Nov. 13, 2020

64 Leslie Cook Part 1 - Australian - Burma Memoirs and more

64 Leslie Cook Part 1 - Australian - Burma  Memoirs and more

Six full years of an Australian soldier’s war, with all its ups and downs.

Six full years of an Australian soldier’s war, in what I think is one of the finest set of stories you could ever hope to come across - over 80 in all. Don't forget to breathe!

"Two of the attackers had occupied an abandoned weapon-pit on a mound above and behind me, less than 3 metres away.  I could hear them, but couldn’t see them.  The rain was pouring down and the night was pitch black.  If I used a grenade it would probably roll back on me before exploding.  If I fired at them there was almost no chance of success, but an absolute certainty that the flash would disclose my presence and result in instant retribution." 

"With his ankle smashed by a bullet John Metson was one of many cut off in the jungle.  Although badly wounded himself, he led them through the jungle to rejoin the Battalion.  To spare his comrades the burden of carrying him, John said that he would crawl, asking only that his hands and knees be bandaged to protect them on the rough tracks".

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Les Cook:

Les Cook Australian veteran of Burma second world war


John Metson - hero

Ken Trobe


Francis Patrick Stauble and Nick 


Jimmy Jabara, the old gentleman he’s showing how he shot down a MIG is Eddie Rickenbacher who as you know was America’s highest scoring Ace from WW1, founder of Continental Airlines and Pacific raft survivor.

Kraker  North Africa in late 1942

More great unpublished history!
Second world war

Interested in Bill Cheall's book? Link here for more information.

Fighting Through from Dunkirk to Hamburg, hardback, paperback and Kindle etc.


Fighting Through Podcast –

Episode 64 – Corporal Les Cook, An Australian in New Guinea and Burma, WW2

More great unpublished history! WWII


Many of our field exercises involved us being out of camp for a week at a time.  During this period we would be almost continuously on the move, marching between 20 and 30 km each day and stopping at a different place each night.  Carrying all our gear, weapons, and food we slept on the ground wherever we stopped.  The day’s march would be interspersed with other forms of training, including night exercises.  As can be imagined, we would be tired and dirty by the time we returned to camp.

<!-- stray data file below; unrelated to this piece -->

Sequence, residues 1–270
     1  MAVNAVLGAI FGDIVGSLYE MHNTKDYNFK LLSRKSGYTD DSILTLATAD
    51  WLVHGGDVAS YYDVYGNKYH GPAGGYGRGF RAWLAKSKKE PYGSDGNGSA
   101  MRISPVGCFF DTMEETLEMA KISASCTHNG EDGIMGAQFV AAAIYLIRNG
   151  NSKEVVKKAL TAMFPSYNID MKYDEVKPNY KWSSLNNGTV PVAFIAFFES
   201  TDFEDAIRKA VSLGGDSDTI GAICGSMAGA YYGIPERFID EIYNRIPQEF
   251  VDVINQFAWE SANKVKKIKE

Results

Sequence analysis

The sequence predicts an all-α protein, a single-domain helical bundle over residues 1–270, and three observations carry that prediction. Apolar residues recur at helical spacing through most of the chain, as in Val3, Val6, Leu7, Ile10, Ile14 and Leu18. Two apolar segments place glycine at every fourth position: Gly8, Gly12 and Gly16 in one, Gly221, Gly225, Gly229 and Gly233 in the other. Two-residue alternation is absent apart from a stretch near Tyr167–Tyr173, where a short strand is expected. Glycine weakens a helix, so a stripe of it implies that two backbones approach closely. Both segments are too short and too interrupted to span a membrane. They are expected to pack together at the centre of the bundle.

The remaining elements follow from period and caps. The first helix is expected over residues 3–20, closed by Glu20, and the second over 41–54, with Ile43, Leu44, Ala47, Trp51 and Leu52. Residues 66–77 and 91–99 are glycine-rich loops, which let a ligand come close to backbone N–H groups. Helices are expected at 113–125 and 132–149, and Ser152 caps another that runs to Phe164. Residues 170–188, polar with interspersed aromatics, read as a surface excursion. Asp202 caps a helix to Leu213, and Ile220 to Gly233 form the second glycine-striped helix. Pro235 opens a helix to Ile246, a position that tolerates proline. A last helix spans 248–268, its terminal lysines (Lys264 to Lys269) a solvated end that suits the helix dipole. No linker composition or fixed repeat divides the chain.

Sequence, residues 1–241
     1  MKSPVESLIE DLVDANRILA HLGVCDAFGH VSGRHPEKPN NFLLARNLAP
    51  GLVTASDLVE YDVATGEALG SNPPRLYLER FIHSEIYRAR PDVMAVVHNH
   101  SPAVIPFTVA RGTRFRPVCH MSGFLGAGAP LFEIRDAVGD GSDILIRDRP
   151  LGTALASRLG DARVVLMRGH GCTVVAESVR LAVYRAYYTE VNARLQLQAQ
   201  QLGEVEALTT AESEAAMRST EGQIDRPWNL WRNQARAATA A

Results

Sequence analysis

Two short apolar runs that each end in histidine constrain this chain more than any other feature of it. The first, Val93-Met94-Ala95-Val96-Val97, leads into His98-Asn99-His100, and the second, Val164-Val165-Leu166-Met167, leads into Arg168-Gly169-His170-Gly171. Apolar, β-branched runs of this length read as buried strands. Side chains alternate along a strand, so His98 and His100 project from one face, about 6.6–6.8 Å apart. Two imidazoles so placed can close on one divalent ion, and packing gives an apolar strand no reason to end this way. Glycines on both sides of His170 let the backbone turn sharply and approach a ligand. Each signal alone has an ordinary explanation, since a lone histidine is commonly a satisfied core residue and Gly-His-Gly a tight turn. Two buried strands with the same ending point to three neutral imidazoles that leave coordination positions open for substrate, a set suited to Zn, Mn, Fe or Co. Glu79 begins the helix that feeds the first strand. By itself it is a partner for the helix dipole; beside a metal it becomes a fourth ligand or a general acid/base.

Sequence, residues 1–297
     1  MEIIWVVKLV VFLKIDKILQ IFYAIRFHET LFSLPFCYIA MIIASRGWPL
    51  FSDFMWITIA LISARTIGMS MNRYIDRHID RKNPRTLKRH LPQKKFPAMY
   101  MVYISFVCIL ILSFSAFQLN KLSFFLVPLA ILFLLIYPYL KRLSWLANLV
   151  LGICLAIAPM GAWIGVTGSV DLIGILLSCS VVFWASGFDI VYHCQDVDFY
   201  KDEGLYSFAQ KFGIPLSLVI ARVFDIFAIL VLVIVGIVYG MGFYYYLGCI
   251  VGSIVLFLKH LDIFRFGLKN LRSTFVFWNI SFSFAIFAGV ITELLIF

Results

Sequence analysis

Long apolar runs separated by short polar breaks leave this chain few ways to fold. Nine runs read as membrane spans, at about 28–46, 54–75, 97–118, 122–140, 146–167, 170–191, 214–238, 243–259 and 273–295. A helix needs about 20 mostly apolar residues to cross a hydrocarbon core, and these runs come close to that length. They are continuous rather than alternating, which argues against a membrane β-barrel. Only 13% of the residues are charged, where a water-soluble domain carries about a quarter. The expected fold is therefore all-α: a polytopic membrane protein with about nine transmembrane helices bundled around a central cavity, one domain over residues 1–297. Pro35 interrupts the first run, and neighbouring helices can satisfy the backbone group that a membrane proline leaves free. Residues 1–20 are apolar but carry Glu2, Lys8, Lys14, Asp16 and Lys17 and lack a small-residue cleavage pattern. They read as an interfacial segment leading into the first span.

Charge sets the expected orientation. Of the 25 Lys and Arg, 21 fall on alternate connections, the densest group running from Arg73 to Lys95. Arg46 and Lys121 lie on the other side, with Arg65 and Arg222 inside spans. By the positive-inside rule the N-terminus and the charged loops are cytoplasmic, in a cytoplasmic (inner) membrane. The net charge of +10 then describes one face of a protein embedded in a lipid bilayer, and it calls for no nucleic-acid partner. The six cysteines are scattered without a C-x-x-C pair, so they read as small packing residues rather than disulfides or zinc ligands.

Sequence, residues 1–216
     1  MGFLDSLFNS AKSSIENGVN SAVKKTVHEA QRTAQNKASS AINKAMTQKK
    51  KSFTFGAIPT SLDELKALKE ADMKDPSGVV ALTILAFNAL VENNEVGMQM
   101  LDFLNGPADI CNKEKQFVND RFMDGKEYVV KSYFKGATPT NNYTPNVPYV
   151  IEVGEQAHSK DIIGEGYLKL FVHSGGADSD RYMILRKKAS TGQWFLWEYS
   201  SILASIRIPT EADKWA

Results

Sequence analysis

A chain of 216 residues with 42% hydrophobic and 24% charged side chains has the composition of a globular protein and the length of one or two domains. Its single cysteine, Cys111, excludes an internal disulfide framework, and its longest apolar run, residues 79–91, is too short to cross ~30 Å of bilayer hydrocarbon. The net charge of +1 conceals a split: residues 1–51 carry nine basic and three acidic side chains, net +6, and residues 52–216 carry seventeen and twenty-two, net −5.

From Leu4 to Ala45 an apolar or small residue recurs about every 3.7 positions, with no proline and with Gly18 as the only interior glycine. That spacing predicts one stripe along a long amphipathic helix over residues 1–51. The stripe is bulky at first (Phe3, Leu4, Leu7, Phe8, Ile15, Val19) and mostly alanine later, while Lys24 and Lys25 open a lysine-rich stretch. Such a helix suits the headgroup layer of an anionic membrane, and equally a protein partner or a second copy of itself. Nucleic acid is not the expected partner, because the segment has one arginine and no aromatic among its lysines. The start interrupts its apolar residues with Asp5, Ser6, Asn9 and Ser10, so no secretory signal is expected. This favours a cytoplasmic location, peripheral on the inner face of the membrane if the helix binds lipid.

My aunt Margaret walked in on Uncle Jack and a war mate reminiscing, but they stopped talking when she entered - but she begged them to finish. She stood in terror wanting to know what happened – the conversation went something like “Remember, Jack, when we were in the jungle and you and that Jap walked straight into each other and bumped heads?

There was an incident involving some newly captured SS soldiers he was guarding after a battle, They were being individually interrogated by a  an Intelligence Officer, and being "died in the wool" Nazis, none would "co-operate".

Sgt. Salmon managed to parachute out of the plane.  Unfortunately, I’m not sure if his boot caught fire or if he had a flashing button on it, but either way he was lighting up the sky as he parachuted to safety.  He kicked off his boot hoping the Germans wouldn’t see him.

Two of the attackers had occupied an abandoned weapon-pit on a mound above and behind me, less than 3 metres away.  I could hear them, but couldn’t see them.  The rain was pouring down and the night was pitch black.  If I used a grenade it would probably roll back on me before exploding.  If I fired at them there was almost no chance of success, but an absolute certainty that the flash would disclose my presence and result in instant retribution  …

With his ankle smashed by a bullet John Metson was one of many cut off in the jungle.  Although badly wounded himself, he led them through the jungle to rejoin the Battalion.  To spare his comrades the burden of carrying him, John said that he would crawl, asking only that his hands and knees be bandaged to protect them on the rough tracks.  


Ooof my word – have I got a cracking episode lined up for you!

Hello again and another warm WW2 welcome to you.  I’m Paul Cheall, son of Bill Cheall whose second world war memoirs have been published by Pen and Sword – in FTFDTH.

The aim of these podcasts is to give you the stories behind the story. You’ll hear memoirs and memories of veterans connected to Dad’s war in some way – and much more.


Star of this episode is a brilliant Australian memoir by Les Cook about the war in the far East against the Japanese and you heard a few extracts from that in the intro.


On top of that I’ve got a miraculous survival story about a Canadian airman – a rear gunner - who had to bail out of a Lancaster over Belgium.


And I’ve got another super story from Australia, coincidentally based around New Guinea . About a tough Australian commando who was taken out of action by his appendix and had to walk days to a bush hospital to get it removed.


So it’s very much shaping up to be Australia week in this episode.


So for the following people who’ve written in with feedback in the past, this awesome episode is dedicated to you.


All these people come from Australia:


Andrew McLennan,

Tristan James

Gerard Paynter

All four from Brisbane! I don’t think I’ve got even one listener in Norfolk where I live, never mind four together in Australia! You guys will have to meet up for a beer one night and form a FTP appreciation society.